Why it is so important to gather financial documents when planning divorce

Thinking you might be divorcing or already planning divorce? One of the worst positions you can be in when you are in the divorce process is having no access to the financial documents and being in the dark about your income and investments.

What happens if you are the spouse who doesn’t have access to financial documents? Your attorney will bill lots and lots of time requesting documents from your spouse’s attorney. Deadlines will be missed and/or information will drip, drip, drip out. Some documents may be withheld altogether to hide assets. Is this against the rules? Yes. Does it happen? Yes.

Meanwhile, you have no idea what your financial situation is. You may also be in the unfortunate position of not having access to money, so the process of getting financial information bleeds you dry of every financial (and emotional) resource. Often the other spouse stops support payments, knowing he or she has you over a barrel financially. You may have no choice but to settle, often in the dark about the true financial picture.

Financial documents you need to gather

When clients retain me to help them settle their divorce and divide assets and debts, these are the documents I will initially ask for so I can perform a thorough analysis:

    1. 3 years of tax returns with all supporting schedules and W-2s
    2. At a minimum last 3 month’s statements on all investment accounts
    3. At a minimum last 3 month’s statements for all bank accounts, checking and/or savings
    4. Most recent three statements from any employee retirement plan, pension, or deferred comp plan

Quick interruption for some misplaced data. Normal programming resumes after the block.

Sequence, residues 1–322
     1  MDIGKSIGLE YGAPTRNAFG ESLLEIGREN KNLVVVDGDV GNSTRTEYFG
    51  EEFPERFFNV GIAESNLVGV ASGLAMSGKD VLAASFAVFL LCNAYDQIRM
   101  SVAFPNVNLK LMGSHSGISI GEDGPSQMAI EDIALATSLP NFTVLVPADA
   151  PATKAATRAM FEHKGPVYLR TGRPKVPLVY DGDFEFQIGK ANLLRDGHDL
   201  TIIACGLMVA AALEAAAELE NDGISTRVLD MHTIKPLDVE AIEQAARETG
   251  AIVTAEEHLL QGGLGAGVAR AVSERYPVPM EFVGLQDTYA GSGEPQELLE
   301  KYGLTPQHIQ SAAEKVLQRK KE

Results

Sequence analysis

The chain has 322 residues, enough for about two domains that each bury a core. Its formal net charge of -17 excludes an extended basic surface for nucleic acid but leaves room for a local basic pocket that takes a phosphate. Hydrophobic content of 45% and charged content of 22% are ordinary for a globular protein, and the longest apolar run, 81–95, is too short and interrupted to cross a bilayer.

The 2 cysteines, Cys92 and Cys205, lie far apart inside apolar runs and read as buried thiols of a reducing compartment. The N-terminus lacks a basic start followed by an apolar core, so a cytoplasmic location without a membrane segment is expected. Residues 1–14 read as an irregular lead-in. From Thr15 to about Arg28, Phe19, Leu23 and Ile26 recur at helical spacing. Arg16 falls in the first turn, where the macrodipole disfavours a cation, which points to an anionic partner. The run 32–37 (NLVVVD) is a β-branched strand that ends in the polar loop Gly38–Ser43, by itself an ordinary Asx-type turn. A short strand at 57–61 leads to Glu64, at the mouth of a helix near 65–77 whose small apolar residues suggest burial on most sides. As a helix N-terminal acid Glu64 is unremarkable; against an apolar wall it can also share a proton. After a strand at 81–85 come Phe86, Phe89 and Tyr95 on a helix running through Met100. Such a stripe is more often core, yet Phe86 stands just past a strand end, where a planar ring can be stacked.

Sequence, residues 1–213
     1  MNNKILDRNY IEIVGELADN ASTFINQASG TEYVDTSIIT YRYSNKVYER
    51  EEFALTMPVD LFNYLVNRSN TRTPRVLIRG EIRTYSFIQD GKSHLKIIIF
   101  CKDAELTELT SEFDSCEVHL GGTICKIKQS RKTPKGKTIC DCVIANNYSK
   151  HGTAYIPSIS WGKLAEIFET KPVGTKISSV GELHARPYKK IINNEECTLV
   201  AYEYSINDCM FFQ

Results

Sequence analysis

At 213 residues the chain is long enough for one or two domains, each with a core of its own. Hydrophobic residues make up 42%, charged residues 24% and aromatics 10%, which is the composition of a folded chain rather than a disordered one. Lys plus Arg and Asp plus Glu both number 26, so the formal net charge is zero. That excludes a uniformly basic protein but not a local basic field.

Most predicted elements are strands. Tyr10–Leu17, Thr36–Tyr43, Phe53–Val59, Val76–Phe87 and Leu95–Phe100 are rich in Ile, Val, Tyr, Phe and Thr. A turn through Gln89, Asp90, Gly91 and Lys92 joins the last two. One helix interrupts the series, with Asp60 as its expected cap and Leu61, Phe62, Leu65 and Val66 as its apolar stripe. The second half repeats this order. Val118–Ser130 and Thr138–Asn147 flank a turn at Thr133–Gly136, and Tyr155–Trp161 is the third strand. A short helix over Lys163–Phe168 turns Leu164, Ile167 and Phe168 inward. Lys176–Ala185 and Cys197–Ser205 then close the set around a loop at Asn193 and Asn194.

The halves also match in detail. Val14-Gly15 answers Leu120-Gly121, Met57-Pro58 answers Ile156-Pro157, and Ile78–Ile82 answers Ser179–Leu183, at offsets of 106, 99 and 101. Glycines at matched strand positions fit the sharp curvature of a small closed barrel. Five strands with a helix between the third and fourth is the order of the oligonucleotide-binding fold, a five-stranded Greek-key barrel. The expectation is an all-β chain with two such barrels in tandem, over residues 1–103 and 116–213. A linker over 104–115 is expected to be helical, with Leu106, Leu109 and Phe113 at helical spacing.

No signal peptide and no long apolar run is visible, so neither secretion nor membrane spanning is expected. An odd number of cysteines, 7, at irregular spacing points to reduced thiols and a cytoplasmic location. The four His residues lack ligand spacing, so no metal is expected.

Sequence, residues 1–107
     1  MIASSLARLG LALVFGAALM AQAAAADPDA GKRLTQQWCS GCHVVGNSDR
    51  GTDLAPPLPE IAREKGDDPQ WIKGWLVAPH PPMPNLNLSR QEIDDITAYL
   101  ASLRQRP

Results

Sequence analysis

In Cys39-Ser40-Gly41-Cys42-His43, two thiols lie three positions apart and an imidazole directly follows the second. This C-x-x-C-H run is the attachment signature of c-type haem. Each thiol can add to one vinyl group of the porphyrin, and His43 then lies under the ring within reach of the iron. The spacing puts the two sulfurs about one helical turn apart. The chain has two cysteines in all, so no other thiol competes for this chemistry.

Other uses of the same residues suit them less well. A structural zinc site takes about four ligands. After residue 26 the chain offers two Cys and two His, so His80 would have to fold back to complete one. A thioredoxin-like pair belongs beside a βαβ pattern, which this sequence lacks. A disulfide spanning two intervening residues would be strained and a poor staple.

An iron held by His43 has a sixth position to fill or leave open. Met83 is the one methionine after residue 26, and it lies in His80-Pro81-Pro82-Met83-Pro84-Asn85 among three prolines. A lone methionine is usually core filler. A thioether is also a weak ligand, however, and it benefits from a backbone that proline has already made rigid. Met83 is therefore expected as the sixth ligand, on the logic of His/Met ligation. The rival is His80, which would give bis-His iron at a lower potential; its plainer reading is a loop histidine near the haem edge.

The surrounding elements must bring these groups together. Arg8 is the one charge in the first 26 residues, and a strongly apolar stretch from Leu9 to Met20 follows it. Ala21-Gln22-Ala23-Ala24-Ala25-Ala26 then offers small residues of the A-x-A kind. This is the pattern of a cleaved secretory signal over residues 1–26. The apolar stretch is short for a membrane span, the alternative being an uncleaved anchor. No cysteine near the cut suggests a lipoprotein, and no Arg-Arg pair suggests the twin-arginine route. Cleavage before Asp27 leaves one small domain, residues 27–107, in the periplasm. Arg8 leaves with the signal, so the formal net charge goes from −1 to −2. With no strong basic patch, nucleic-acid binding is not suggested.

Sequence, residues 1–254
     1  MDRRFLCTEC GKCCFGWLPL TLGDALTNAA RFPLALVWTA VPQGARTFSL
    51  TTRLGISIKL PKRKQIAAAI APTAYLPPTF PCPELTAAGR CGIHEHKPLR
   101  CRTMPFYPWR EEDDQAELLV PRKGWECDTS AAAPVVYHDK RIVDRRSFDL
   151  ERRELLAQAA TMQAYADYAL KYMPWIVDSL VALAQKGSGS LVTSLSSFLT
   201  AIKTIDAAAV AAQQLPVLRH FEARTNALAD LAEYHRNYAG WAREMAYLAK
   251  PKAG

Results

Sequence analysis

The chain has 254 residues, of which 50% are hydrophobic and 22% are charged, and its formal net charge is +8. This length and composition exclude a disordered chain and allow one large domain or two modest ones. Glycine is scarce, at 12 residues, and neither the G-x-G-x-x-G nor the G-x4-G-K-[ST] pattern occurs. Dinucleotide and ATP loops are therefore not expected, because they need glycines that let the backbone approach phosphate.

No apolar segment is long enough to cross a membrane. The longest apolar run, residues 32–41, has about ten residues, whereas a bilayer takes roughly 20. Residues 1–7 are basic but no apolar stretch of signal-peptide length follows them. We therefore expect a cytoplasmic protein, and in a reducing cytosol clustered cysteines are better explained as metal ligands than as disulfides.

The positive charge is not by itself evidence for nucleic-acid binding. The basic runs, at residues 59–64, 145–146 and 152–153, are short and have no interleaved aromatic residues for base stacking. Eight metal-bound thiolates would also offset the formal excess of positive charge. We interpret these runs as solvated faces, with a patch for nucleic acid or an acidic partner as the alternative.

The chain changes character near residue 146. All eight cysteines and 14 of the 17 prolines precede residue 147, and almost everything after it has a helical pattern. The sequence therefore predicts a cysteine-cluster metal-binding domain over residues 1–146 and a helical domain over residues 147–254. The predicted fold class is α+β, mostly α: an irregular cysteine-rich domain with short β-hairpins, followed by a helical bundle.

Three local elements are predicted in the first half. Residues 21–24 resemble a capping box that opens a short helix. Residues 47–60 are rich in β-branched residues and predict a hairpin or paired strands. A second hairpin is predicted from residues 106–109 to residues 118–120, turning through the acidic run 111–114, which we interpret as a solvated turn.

5. Most recent statement on any Employee Stock Option, Employee Stock Purchase Plan, or Restricted Stock accounts.
    6. Most recent mortgage statement
    7. Most recent pay stubs for each party
    8. Last 3 month’s statements for any and all credit cards with balances.
    9. Copy of most recent statements for any outstanding loans.
    10. Policy statements or information on any and all life insurance, annuities, or cash value insurance
    11. Social Security estimate statements for both parties. These are available at www.SSA.gov
    12. For any businesses owned, a full Profit and Loss Statement for current and previous years
    13. Most recent insurance policies for all autos owned that show VIN numbers. Write in current mileage on vehicle

Keep copies at a second location

If you are thinking of divorce or planning divorce, then it’s possible that your relationship could take a turn for the worse at any time, so do not delay gathering documents. You don’t want to come home some day to find your spouse, belongings and the financial documents gone!

Ideally documents should be saved as PDFs on your computer and saved on a flash drive which you leave with a trusted friend or family member or at work. Hopefully you can quietly gather documents but you may need to ask for the records. There is no need to go further than explaining that you have a desire to learn about your finances and be involved. If your spouse doesn’t provide documents before you split up, can you imagine what it will be like after you split up? Besides, it truly isn’t a bad idea to scan your important financial information and keep that offsite. Your house could burn down!

And remember, call a CDFA BEFORE you hire an attorney. Having been smart and gathered all the financial documents you need, you won’t be in the position to need the power of the court to get those documents from your spouse. You will be in a better position to negotiate and settle your divorce.